Last week, I wrote a post all about content. I gave a definition of content and went over examples of both good and bad. This week, I thought it would be good to continue this conversation, and talk about content marketing.
Now that we know what content is, what is content marketing? Is it anything like traditional marketing? Or is it completely different?
Content marketing, according to the Content Marketing Institute, is:
“… a strategic marketing approach focused on creating and distributing valuable, relevant, and consistent content to attract and retain a clearly defined audience — and, ultimately, to drive profitable customer action.“
The big take-aways from this definition that I want to emphasize are “valuable”, “consistent”, and “retain a clearly defined audience”. Now, don’t get me wrong here, profit and customer action are very important. No one is creating content, just for creating content sake. But by focusing on the ideas of adding value, consistency of producing quality content, and retaining your desired audience, then the money part will follow on its own.
As I wrote in my previous post, good content is all about adding value to your community. If you are not adding value, and you are solely focused on generating revenue, the content you are publishing is not of any use to the community you’ve created.
Before you can think about marketing your content, whether it be a blog post, YouTube video, or informational product, you must think about the intent of this content.
When you focus on the intent, or desired effect, of the content you are creating, you can then look to see where the best fit will be to market it. For example, if you are creating a video, then it goes without saying that the best platform right now would be to start with YouTube. Furthermore, if you are creating quality photographs, then you would most likely be marketing your skills and your content on Instagram.
Now if you are creating content that might be helping people to develop their career, then you should probably be looking at LinkedIn to publish and market your content.
Content marketing is not just about the content, but it’s finding the best platform for publishing and promoting that content. However, by focusing on the value that you are adding, you can understand what the best platform will be, for your product, information, or the like.
Once you’ve decided on a platform for your content, then you need to be honest with yourself about how consistent you can be. Reliability comes from consistency. If you tell your followers that you are going to publish daily, and then publish once a month, they are not going to take you seriously, nor will they be able to trust your content because you have lied to them from the beginning.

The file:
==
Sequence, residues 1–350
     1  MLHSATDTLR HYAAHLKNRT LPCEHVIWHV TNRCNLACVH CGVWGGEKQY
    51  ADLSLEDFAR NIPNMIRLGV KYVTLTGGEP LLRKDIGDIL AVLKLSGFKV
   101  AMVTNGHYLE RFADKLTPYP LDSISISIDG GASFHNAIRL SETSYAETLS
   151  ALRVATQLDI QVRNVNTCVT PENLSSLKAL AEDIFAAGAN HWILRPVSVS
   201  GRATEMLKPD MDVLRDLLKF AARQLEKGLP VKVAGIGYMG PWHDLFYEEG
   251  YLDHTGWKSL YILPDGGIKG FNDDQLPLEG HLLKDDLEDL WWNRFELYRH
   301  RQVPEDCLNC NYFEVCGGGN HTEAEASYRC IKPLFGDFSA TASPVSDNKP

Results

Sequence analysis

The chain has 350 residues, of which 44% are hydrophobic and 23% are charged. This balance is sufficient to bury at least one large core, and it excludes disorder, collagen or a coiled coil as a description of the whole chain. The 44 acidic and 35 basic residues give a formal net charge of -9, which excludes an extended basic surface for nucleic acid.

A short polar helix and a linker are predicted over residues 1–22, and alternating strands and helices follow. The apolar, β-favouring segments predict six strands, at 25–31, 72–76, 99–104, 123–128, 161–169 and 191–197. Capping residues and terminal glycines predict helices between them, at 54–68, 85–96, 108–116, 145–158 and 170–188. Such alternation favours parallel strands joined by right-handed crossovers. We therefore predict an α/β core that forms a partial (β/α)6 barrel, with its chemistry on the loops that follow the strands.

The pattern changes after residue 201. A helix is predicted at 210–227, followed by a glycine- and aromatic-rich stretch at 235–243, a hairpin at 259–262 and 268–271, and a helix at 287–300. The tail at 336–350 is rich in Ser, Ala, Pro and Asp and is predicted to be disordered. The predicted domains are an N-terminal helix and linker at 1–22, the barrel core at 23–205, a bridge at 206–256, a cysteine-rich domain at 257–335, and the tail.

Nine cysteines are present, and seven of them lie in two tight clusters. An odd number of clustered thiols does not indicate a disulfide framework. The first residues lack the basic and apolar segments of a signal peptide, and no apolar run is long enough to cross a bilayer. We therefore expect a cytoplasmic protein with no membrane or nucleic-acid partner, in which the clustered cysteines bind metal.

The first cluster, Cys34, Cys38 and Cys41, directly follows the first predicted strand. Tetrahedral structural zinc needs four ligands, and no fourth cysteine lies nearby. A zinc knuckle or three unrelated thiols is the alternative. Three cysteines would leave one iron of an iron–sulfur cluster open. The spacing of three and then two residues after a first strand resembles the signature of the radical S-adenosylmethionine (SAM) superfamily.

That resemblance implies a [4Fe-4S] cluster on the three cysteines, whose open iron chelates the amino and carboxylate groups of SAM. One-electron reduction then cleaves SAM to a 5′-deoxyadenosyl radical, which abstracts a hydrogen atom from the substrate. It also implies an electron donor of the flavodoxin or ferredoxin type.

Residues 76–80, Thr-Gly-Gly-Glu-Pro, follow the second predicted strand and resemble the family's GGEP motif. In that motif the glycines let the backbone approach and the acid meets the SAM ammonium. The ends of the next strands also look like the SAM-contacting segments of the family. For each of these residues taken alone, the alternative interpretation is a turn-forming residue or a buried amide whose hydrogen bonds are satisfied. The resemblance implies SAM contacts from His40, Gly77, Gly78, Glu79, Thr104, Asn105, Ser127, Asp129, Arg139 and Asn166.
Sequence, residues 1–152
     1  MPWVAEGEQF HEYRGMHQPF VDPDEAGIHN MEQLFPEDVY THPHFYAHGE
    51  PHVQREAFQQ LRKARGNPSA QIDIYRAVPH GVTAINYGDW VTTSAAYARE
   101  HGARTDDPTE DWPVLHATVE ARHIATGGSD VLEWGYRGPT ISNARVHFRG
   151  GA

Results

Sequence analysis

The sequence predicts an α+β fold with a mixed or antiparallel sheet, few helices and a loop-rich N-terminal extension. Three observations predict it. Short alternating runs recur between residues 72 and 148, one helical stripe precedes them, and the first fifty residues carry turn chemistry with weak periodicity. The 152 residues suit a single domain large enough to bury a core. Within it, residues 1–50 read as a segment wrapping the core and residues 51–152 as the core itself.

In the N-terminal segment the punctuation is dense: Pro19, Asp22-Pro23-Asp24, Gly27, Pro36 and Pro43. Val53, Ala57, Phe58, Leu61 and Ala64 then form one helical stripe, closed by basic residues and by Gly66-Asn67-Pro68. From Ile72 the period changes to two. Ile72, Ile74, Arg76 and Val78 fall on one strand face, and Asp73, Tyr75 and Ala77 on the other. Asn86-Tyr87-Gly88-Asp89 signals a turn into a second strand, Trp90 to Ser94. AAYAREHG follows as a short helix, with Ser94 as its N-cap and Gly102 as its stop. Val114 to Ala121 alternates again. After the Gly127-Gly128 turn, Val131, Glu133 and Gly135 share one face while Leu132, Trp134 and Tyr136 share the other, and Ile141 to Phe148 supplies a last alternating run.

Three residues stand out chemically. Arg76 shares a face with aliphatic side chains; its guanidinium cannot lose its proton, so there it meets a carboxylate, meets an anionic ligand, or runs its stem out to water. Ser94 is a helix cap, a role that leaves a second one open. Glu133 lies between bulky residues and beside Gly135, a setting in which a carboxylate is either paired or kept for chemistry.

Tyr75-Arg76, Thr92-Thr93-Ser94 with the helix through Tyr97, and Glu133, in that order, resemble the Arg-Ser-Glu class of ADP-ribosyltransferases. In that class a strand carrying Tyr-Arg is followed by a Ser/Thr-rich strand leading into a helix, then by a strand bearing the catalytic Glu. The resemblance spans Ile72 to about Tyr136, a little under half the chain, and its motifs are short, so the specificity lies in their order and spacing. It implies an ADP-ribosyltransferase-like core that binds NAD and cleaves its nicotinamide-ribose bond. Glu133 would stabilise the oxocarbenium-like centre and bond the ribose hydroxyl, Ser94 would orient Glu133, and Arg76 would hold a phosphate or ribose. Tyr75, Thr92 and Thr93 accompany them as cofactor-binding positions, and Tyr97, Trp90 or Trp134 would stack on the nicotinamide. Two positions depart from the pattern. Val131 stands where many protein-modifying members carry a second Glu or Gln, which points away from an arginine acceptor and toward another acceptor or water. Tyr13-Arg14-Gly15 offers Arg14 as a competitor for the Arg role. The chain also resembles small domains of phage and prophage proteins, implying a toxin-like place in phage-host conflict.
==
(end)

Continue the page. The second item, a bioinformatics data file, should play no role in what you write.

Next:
Reliability comes from consistency.
So be honest. If you know for a fact that you cannot bring yourself to blog daily or edit video daily, then do not tell them that you are going to produce daily. Make a commitment. Say you will produce content weekly, and then spend the rest of the week working on your following week’s content and promoting the content you just published.
Routines help consistency. Develop a routine of not just creating content, but also for marketing that content. The how-tos of actual marketing will vary depending on the type of content you are creating. But the foundational idea of all types of marketing is consistent production, and adhering to the deadlines that you have created yourself.
Retaining a clearly defined audience
A huge goal for content marketing is about the community that you create surrounding your content or your business. The idea around content creation is to reach out to that desired audience and to keep them wanting more, needing more, and asking more questions. If you can retain this audience, they will go from just followers to superfans, as Pat Flynn writes about in his new book.
You want to market your content in a way that will not only bring more attention to your business, but to create a community that is all about helping each other out, and looking to you as the audience. If you are creating content that doesn’t address this, then you are missing the point from the beginning. And worse, your marketing strategies will just not work.
Have you started marketing your content? What obstacles have you come across? Let us know in the comments below!